This approach helps external trainers achieve important objectives for themselves and the company that hired them. First, it makes direct links between the external training approach, the participants’ individual needs and the company’s overall objectives. Second, it ensures that participants immediately recognize that the new skills they are learning have clear relevance to their daily working lives. And third, it removes any possible objections that the external trainer doesn’t understand the company or where the participants are coming from.
After the Training: Evaluate Together With the Company
To create real impact, the training must deliver skills that participants will actually use moving forward. These new tools and abilities must also directly and measurably help the company achieve its objectives.
External trainers must therefore proactively engage in training evaluations. Most trainers have standard evaluation forms, but the trick here is to collaborate closely with the company rep to adapt this form to their specific needs. For instance, most companies want to know from the participants themselves whether the training has given them the new skills promised by the external trainer in the first place. Typical Likert-scale type evaluation form questions for this include, “How likely are you to use these new skills in your daily working life?” and, “How likely are you to recommend this training to colleagues?” Of course, your company representative may also have company-specific questions they want to ask, such as, “Will your new skills help Company X achieve objective Y?”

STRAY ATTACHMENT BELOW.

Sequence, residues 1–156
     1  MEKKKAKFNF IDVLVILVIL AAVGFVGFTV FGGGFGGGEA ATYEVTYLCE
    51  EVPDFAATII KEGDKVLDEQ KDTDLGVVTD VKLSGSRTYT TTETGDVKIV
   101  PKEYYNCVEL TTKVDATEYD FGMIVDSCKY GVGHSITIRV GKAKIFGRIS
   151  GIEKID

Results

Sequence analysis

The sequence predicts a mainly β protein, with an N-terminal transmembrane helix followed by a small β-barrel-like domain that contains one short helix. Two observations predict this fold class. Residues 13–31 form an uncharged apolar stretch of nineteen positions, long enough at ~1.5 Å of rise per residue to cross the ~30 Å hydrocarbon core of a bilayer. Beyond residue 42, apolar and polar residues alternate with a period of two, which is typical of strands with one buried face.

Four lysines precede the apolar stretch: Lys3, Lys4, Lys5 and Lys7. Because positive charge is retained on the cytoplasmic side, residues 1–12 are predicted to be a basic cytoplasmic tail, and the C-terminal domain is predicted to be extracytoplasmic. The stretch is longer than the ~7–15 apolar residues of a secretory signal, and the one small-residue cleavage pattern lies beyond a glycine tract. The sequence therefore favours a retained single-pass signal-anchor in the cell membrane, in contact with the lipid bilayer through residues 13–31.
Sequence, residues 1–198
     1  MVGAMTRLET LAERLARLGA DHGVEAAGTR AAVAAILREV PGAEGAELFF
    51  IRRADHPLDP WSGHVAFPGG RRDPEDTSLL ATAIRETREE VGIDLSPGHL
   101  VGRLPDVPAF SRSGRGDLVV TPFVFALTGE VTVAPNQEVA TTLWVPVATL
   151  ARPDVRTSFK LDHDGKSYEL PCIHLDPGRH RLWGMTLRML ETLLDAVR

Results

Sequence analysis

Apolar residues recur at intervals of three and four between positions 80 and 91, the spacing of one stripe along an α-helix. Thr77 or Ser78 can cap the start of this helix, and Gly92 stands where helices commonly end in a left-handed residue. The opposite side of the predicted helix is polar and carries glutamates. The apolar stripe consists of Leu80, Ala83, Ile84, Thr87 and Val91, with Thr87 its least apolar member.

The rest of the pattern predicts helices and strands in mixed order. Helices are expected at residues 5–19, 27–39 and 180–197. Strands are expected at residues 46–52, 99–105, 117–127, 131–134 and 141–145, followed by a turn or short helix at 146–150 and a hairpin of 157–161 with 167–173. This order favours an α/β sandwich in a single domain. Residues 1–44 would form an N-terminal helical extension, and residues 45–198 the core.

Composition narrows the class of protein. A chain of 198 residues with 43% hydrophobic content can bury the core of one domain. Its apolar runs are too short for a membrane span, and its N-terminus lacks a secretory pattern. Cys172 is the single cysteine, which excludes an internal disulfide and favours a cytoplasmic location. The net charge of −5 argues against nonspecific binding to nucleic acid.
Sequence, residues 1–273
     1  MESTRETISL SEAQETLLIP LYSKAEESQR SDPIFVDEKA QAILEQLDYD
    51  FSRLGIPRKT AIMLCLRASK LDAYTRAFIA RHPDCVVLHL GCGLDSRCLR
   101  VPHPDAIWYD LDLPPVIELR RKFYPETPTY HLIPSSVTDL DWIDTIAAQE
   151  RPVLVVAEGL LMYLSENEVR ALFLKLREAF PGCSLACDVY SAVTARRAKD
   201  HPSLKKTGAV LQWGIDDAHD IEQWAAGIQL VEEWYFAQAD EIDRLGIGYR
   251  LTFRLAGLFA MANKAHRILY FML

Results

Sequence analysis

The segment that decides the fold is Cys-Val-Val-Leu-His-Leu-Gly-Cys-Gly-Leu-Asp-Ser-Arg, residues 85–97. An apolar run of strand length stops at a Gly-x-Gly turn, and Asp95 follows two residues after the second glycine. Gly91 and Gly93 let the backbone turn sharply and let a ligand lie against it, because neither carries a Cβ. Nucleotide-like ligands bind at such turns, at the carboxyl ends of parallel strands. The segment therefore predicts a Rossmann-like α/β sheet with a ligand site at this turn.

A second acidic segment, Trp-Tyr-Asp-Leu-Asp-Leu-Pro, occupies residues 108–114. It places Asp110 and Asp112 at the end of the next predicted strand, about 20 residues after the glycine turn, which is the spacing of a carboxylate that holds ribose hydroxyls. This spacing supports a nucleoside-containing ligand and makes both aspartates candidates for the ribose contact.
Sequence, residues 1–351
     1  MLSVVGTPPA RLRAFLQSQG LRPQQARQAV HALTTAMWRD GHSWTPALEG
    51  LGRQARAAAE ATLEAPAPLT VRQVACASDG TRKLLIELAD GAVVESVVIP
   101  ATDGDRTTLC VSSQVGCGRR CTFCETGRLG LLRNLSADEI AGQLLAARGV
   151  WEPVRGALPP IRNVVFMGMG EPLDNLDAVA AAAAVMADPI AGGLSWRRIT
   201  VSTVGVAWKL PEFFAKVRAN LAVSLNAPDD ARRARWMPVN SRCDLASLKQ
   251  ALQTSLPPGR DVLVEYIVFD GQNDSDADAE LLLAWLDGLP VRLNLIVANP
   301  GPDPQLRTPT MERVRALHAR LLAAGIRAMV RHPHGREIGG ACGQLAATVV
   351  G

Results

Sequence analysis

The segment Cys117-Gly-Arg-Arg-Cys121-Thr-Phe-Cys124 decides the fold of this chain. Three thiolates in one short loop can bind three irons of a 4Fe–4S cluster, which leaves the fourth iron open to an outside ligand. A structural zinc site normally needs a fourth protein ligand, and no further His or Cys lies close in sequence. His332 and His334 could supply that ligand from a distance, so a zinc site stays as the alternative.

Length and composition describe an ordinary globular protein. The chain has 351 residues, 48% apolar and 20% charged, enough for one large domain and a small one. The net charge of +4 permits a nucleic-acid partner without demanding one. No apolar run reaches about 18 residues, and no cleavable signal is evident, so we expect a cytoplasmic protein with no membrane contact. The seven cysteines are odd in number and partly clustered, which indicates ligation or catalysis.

Some clients ask the trainer to collect evaluation forms from participants at the end of the training because they don’t want to be bothered with the administrative burden. This can be problematic — some participants may try to please the trainer by complimenting them, while others may be wary of giving bad feedback that can be tied to them personally.
Other clients prefer to wait a few days, then distribute the evaluation form themselves after the trainer has left the location. This not only removes the issues described above, but also ensures that participants have had a chance to apply their new skills in the workplace for a fairer evaluation. Of course, the important thing is to agree on an evaluation approach with the client before the training session and meet their preferences.
Moving Forward: Create Long-lasting Client Relationships
Once the training is over and the evaluations are in, it is vital that the external trainer follow up with the client. First and foremost, this gives the client contact a chance to provide feedback of their own, which the trainer can then use to solidify their approach or modify it where needed. It can be a valuable learning experience. Second, it allows for a frank discussion about whether the training achieved its objectives for participants and the company. And third — assuming all went well —it’s a perfect opportunity to discuss future training within a given department or, ideally, across the entire organization.
Throughout the Process: Offer a Unique, Win-win Proposition
Aside from the content and approach of the training itself, external trainers often bring an unexpected and valuable payoff to the company. This payoff is due to the fresh perspective they bring in terms of company blind spots that the organization may not be aware of itself. For instance, the trainer might be able to point out that a company’s way of working may be slightly outdated, or that some of the organization’s objectives might be somewhat misaligned with employees’ on the ground working life. Of course, this should be done diplomatically, and in the spirit of positive feedback for long-term company success. The other upside? Once a client knows that you understand them and their vision for the future, you’ll move from simply being an external trainer to serving as a valuable partner for their organization.
And that’s a win-win proposition.